Marc was mesmerized by the anatomy and symbolism of animals. He was deeply interested in the world of animals which is so in harmony with the world around them. 

Why the Blue Horses?

Through Marc’s early work it has been established that he exclusively depicted the purity of nature in his paintings. As he progressed further in his career, we see a strong inclination toward animals, especially horses. 

Franz Marc decided to paint animals because they symbolized innocence and a world before the downfall of humanity. He particularly chose horses probably because of his mutual interest in the animal with Kadinsky, or the sense of freedom and vitality that horses exude. Thus, horses stood for both liberation and spiritual chastity.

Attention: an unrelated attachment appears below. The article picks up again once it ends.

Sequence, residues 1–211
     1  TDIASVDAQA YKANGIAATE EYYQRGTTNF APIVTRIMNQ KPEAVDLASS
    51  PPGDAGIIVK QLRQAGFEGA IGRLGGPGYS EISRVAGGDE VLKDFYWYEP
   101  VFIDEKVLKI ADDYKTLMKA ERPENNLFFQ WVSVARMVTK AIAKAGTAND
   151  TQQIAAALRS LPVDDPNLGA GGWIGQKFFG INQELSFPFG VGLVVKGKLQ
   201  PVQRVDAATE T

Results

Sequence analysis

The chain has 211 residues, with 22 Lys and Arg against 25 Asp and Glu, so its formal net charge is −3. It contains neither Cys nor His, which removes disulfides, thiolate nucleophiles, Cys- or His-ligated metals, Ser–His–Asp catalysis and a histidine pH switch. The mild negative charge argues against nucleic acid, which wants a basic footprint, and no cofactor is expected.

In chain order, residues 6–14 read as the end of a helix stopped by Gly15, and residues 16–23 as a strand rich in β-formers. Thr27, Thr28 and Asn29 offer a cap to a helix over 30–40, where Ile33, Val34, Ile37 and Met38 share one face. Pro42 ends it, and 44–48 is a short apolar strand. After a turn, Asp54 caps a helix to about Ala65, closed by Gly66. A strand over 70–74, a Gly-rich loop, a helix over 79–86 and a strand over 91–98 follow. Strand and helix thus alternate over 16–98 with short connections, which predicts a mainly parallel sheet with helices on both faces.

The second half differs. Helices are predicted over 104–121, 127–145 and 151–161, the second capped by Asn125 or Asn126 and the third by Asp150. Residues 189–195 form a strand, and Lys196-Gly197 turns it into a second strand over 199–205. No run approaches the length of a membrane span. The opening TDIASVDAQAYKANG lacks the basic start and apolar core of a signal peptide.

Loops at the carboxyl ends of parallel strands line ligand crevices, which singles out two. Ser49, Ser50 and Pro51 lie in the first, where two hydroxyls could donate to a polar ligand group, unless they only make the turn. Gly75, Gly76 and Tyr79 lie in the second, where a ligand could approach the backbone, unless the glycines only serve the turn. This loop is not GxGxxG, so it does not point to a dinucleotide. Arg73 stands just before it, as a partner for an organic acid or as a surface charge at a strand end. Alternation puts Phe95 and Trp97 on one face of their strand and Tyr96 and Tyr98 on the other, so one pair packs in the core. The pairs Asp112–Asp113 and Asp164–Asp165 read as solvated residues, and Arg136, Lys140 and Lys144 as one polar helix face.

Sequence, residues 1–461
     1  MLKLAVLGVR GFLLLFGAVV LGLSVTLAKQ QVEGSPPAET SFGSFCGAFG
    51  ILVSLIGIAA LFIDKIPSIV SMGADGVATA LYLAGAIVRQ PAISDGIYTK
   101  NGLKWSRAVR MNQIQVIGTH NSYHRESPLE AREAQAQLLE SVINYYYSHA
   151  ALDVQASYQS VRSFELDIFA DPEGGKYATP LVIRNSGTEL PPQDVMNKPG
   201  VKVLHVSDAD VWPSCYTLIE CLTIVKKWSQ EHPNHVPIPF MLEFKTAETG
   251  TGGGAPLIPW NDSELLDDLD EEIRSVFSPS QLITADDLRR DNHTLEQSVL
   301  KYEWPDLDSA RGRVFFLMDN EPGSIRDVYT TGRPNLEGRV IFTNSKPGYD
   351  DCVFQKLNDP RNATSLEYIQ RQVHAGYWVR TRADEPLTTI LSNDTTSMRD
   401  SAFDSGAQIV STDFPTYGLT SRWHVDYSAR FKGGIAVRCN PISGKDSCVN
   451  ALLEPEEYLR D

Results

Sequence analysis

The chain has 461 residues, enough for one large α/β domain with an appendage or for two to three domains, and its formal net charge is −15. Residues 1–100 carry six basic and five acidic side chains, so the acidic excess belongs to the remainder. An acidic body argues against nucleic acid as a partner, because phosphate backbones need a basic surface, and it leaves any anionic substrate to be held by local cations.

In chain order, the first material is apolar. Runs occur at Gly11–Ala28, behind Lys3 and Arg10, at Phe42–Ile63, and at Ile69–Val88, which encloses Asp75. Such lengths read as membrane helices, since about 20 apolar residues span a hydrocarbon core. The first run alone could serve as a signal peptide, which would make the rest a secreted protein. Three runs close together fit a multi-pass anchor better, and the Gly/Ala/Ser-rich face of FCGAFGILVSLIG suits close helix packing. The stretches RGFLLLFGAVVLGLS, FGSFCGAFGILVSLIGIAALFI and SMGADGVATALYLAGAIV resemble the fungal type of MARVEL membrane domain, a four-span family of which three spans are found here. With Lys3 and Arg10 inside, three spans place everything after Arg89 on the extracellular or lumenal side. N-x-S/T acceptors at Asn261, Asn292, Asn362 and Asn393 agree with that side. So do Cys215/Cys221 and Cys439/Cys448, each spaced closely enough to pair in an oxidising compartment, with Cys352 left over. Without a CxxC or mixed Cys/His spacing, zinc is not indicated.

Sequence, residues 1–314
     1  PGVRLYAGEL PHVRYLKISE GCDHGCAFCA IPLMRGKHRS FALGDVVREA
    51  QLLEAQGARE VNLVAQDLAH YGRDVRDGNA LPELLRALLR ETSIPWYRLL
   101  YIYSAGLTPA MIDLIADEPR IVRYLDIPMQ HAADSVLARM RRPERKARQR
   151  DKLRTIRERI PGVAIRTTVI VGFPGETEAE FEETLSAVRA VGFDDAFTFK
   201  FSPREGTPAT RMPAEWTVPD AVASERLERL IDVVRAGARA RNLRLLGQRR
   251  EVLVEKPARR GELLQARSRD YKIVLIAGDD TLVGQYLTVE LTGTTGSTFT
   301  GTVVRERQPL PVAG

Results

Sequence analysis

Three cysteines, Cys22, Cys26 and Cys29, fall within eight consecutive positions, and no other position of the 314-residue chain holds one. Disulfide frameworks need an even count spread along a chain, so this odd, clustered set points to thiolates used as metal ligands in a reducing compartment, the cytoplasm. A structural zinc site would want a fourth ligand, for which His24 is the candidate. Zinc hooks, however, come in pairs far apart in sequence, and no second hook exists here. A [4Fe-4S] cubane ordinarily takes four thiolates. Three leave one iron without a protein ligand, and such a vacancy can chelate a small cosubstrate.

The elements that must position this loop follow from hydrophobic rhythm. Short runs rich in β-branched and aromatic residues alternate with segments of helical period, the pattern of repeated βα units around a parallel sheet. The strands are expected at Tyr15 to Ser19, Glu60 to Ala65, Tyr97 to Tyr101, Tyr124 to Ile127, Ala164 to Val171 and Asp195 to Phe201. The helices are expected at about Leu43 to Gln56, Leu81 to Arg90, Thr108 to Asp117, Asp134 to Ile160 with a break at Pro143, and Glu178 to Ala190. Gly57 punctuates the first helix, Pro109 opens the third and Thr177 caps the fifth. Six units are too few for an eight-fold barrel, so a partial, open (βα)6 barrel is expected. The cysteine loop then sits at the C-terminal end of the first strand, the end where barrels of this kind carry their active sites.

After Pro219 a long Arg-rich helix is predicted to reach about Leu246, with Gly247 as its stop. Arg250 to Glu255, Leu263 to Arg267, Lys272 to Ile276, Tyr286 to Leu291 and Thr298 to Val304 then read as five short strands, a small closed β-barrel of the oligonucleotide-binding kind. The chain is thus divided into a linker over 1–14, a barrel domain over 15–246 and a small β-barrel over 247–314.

Franz Marc’s Blue Horses

Blue Horse I

Blue Horse (1911) by Franz Mark. Public Domain
Blue Horse aI (1911) by Franz Mark. Public Domain

Blue Horse I was painted by Franz Marc in the year 1911, the same year as Der Blue Rieter. The painting is presently at the Städtische Galerie im Lenbachhaus in Munich.

Marc’s Blue Horse represents a free search for spirituality amidst nature. The painting features a magnificent blue horse surrounded by vibrant primary colors. Dome-shaped hills are layered on top of each other without the contours or the colors mixing with one another. The landscape in the background creates shapes that echo the contours of the animal.